Emmanuelle saw the logic of this. The way out of her predicament now seemed clearer.

"We would not ask you to do anything you find distasteful or against your nature. What is your attitude on, for instance, Ephebian Island lifestyles?"

Emmmanuelle looked blank for an instant. Rosie tried another euphemism.

"Sapphic practices. L'amour entre des filles."

"I've dabbled. But it is not really to my taste. A small but significant something is…missing."

Rosie laughed. "A shame. Or you could have gone onto a really special list we direct to female clients of the Guild who are of, shall we say, refined tastes. I can never get enough ladies onto that list, which is a shame, as it commands really premium prices. Supply and demand, you see. Ah well, let me know if you change your mind!"

"And the…. professional fees… involved?" Emmanuelle hazarded.

"What do you think?" Rosie asked, kindly.

"I'm new to all this…. I thought, peut-être, two thousand dollars for each assignation?"

Rosie laughed, but not unkindly so. For a moment, Emmanuelle wondered if she'd over-rated her own commercial worth.

"Now this is why there's a Guild! I find it depressing how such a capable woman as yourself can undervalue her earning power. My dear, for you, they would pay five thousand for an evening. And that is only an opening gambit, even before we discuss optional extras!"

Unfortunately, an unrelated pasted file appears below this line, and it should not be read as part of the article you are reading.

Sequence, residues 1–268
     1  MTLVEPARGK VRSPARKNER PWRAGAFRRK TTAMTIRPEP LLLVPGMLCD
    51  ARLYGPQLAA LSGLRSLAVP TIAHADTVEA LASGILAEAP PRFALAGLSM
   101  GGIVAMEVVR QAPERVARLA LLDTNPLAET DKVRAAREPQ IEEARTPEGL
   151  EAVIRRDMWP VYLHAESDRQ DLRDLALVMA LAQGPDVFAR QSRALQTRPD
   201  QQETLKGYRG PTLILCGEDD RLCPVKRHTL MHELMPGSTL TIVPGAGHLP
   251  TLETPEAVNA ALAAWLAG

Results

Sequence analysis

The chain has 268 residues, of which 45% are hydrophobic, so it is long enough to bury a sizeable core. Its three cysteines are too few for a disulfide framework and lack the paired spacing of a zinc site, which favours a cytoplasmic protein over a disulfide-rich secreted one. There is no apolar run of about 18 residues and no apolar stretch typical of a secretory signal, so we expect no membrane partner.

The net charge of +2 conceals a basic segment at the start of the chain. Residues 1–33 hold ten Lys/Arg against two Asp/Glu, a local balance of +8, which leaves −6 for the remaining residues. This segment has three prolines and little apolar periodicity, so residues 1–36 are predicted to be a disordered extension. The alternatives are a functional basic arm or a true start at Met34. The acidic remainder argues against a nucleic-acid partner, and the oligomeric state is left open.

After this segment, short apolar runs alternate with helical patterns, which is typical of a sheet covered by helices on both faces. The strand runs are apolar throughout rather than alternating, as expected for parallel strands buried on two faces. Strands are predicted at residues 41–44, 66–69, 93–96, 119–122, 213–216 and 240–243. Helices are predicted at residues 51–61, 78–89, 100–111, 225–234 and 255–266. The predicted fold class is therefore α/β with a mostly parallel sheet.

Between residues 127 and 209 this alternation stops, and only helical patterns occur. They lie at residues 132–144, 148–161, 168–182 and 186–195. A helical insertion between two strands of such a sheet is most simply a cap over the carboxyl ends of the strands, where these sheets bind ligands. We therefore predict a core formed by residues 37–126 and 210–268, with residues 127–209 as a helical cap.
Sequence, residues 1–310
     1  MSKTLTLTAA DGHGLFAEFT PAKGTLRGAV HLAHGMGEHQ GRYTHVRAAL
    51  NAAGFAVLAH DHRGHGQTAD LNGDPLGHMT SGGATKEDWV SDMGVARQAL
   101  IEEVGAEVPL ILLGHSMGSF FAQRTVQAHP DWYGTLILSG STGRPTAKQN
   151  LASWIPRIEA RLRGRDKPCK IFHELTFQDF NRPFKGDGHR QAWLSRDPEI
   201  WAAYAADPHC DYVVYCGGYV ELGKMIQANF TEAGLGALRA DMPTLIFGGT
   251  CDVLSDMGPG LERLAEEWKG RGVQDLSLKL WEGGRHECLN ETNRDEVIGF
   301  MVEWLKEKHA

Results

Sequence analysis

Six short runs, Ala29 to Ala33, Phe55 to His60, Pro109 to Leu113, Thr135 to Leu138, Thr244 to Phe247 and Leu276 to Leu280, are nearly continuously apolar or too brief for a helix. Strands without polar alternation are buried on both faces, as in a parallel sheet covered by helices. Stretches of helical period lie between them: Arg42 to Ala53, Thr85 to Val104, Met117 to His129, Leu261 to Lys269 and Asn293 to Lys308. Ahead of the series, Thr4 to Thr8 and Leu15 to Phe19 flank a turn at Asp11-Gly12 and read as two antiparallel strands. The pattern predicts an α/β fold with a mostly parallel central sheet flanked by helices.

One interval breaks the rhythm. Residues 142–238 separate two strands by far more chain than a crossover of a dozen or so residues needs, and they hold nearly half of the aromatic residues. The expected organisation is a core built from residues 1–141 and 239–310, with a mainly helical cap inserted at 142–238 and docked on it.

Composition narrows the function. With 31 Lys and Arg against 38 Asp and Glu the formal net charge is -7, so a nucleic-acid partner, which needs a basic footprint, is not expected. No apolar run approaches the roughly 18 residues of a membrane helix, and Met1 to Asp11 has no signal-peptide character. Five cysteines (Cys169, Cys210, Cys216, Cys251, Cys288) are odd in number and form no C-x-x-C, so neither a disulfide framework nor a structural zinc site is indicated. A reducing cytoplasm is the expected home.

They had gone on to discuss options, contracts and working patterns. Emmanuelle had seen and met seamstresses before, but had never really stopped to ask about the intimate financial details of their lives. Therefore a new world opened to her, and she was both intrigued and enchanted by it.

Just being an escort for an evening – "sometimes that's all a man wants, an attractive and socially skilled lady, so that he doesn't look out of place on those awkward social occasions that call for the attendance of Mr John Smith and one other." - was worth a minimum of five hundred dollars. "We have a list of ladies who work part-time for the Guild providing escort services. I am aware many of them, interestingly enough, stipulate that they are for escort only and not available for other commercial transactions. So I am in the interesting position of employing seamstresses who do not sew, which is quite ironic! This suits the men, who are often genuinely only looking for a social escort, and we provide a valuable service. Should an escort or paid companion and the client make a mutual decision that they would like to take their understanding a step further, a scale of charges will apply. It is then up to you to price out the evening, or the night's, entertainment, and make out a properly calculated invoice for services, from which the Guild will take around 30% as an introduction fee. We do expect honesty and accounting integrity in these things as a matter of course. You have met the Aunts? I'll introduce you before you leave.